On Monday, the onslaught of press began in earnest. Without saying anything, my team and I knew we were in an all-hands-on-deck situation. Getting to our office each morning required careful navigation through a maze of satellite trucks and other news vehicles. Four CNN vehicles lined the south side of the street, directly in front of ORMC’s main entrance. ABC, NBC and FOX vehicles lined the north side of the street. It was organized chaos both outside and inside our building. My team and I communicated with each other through texts, emails, face-to-face conversations and sometimes by simply shouting questions, requests or updates down the hallway.
“Who’s available to talk to ‘Good Morning America’?”
“Book the studio for Scott Pelley’s interview with the surgeons.”
“What time does Dr. Gupta want to do his piece?”
“The New York Times wants to talk to Dr. Ibrahim.”
“Does anyone know anything about a Bloody Shoes post? Get social media on the line!”
“Am going to check with hospital administration and see about holding our big press event tomorrow.”
We did host the traditional physician press conference the following day, Tuesday. The event came together faster than any I have ever worked on. Location? Check. Production crew? Check. Still photographer? Check. Backdrop, microphones, media alert? Check. Check. Check. Patient? Check, with family members.
Our three key messages were simple and authentic: We were prepared. We are the experts. We are a team.
By 8:00 that morning, hundreds of reporters, producers, camera operators and technicians had lined up at the hospital entrance to gain entry into the press conference, which was scheduled for 10:00 am. As I was walking out of an administration conference room where I’d been briefing physicians, one of our media managers stopped me and said, “You gotta see this,” referring to the room where the presser was being held. When I looked in I saw a room so full of people there was virtually no visible floor space. Despite being as crowded as it was, it was about to get even more so.
About 20 doctors, nurses, residents, hospital administrators and the patient with his family members filed into the room and took their seats or stood behind the table in front of the Orlando Health backdrop. Dr. Cheatham, the trauma surgeon who had spoken at the press conference in the fast-food restaurant’s parking lot, opened the session. He walked the audience through the timeline of events that unfolded in ORMC’s emergency department and invited others seated or standing with him to share their experiences and thoughts as he spoke. The patient’s story followed. It was emotional and raw. He painted a picture of the horror he experienced inside the club, his fear of dying from his injuries and his gratitude to the clinical teams that saved his life.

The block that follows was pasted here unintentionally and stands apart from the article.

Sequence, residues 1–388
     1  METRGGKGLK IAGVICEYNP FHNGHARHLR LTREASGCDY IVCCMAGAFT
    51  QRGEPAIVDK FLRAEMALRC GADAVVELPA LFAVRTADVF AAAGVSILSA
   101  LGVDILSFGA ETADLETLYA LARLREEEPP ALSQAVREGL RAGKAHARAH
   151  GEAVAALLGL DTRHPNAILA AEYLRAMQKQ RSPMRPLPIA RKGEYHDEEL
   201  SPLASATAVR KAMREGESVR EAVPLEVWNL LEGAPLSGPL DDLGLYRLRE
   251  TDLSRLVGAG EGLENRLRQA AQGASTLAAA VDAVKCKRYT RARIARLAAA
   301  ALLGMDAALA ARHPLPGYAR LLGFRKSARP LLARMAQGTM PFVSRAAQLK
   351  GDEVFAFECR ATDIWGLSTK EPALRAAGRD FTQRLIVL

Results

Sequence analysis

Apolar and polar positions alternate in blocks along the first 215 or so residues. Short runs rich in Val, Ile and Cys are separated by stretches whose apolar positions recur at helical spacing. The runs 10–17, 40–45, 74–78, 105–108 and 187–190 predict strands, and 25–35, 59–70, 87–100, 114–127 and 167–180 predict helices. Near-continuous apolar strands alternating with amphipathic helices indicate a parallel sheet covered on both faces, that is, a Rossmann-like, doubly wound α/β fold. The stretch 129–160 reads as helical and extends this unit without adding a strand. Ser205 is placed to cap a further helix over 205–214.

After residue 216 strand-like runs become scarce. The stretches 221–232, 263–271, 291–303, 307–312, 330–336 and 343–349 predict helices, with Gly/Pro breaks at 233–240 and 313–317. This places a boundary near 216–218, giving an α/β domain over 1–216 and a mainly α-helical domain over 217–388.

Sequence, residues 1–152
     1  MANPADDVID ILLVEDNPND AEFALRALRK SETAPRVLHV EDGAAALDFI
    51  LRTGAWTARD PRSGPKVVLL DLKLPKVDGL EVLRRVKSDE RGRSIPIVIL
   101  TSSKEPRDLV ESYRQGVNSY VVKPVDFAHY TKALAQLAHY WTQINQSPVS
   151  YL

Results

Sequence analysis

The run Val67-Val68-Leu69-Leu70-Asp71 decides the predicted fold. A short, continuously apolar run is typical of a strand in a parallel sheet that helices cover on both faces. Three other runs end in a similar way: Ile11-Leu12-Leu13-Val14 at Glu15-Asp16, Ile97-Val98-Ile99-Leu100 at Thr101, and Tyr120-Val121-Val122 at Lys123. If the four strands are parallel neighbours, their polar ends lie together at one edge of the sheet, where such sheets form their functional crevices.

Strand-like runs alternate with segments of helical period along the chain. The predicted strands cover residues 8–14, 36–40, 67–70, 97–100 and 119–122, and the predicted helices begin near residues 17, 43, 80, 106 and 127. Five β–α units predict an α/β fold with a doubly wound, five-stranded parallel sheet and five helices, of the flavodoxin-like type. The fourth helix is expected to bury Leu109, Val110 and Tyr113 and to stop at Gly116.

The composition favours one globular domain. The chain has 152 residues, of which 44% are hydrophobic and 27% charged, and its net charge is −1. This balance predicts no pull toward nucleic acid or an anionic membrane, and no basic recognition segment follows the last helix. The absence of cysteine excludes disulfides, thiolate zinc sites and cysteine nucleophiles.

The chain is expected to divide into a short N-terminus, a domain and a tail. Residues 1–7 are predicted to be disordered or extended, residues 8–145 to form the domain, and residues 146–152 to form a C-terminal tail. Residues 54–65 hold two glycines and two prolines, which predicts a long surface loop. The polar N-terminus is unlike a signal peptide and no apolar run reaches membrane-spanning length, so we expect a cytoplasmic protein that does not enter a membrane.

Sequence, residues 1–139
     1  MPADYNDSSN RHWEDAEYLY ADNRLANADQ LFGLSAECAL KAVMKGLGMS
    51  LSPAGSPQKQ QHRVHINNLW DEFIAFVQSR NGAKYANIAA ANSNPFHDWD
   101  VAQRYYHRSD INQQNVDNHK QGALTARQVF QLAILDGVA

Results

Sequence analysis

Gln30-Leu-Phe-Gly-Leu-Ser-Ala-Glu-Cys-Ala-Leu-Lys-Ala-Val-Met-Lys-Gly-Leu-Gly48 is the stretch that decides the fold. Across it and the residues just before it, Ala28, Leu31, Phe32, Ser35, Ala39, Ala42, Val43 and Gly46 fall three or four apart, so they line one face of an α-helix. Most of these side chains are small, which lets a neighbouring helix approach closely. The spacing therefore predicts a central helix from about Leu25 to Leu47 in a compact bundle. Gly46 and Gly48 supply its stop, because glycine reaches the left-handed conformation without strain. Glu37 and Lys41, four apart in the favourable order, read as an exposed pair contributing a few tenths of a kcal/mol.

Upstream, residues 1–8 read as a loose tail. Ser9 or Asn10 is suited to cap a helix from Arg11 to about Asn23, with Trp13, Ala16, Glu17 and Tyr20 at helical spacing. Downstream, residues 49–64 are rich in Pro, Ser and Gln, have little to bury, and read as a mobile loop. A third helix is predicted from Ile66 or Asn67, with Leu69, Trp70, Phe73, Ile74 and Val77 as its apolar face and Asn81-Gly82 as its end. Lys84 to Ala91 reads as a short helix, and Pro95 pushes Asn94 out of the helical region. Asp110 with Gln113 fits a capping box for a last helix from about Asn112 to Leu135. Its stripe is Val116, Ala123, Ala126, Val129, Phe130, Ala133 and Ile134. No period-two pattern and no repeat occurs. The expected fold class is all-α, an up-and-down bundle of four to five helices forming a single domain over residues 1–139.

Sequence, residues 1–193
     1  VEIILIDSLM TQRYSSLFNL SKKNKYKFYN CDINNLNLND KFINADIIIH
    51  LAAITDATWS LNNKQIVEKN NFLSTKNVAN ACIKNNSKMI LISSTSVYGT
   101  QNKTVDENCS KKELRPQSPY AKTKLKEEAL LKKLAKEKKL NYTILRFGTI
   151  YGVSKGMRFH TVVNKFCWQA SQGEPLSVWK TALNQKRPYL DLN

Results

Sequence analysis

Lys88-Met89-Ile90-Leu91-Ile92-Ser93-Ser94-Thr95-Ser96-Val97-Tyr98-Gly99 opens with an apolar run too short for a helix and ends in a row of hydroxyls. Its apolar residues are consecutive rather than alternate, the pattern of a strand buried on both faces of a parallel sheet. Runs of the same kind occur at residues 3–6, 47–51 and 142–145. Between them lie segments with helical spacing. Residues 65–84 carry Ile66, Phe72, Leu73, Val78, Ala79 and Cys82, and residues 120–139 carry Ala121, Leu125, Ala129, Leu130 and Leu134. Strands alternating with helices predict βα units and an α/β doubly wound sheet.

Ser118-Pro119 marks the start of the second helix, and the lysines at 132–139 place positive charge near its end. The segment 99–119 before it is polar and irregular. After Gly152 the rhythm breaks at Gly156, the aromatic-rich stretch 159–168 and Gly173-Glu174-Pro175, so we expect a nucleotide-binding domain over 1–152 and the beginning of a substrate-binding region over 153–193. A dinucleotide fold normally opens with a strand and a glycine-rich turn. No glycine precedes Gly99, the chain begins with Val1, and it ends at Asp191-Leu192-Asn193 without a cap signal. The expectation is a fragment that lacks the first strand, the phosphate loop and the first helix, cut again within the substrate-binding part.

The news crews seemed mesmerized. I think they would have stayed for hours listening to the stories of heroism and selflessness, if possible. But another group was scheduled to use the room at noon, so the press conference closed with reporters still clamoring for “just one more” interview. From that point forward, press inquiries were constant, but for the most part, manageable. There were a few producers we had to admonish for failing to comply with our policies, but I was pleasantly surprised at the courtesy and respect exhibited by the vast majority of news professionals. Their coverage, in both traditional and social media, was unparalleled.
In the first four days of the incident – June 12-15 – we received more than 2,800 print and online mentions reaching more than 7.5 million print subscribers and more than 5.8 billion unique online visitors. Over that same time period, we had more than 830 television news hits reaching an audience of more than 20.8 million. The reach on social media was just as dramatic.
After about two weeks, we began to see a levelling off of press inquiries, but not an end. Each month from June 12, 2016, through June 12, 2017, we had at least one press request concerning the Pulse shooting.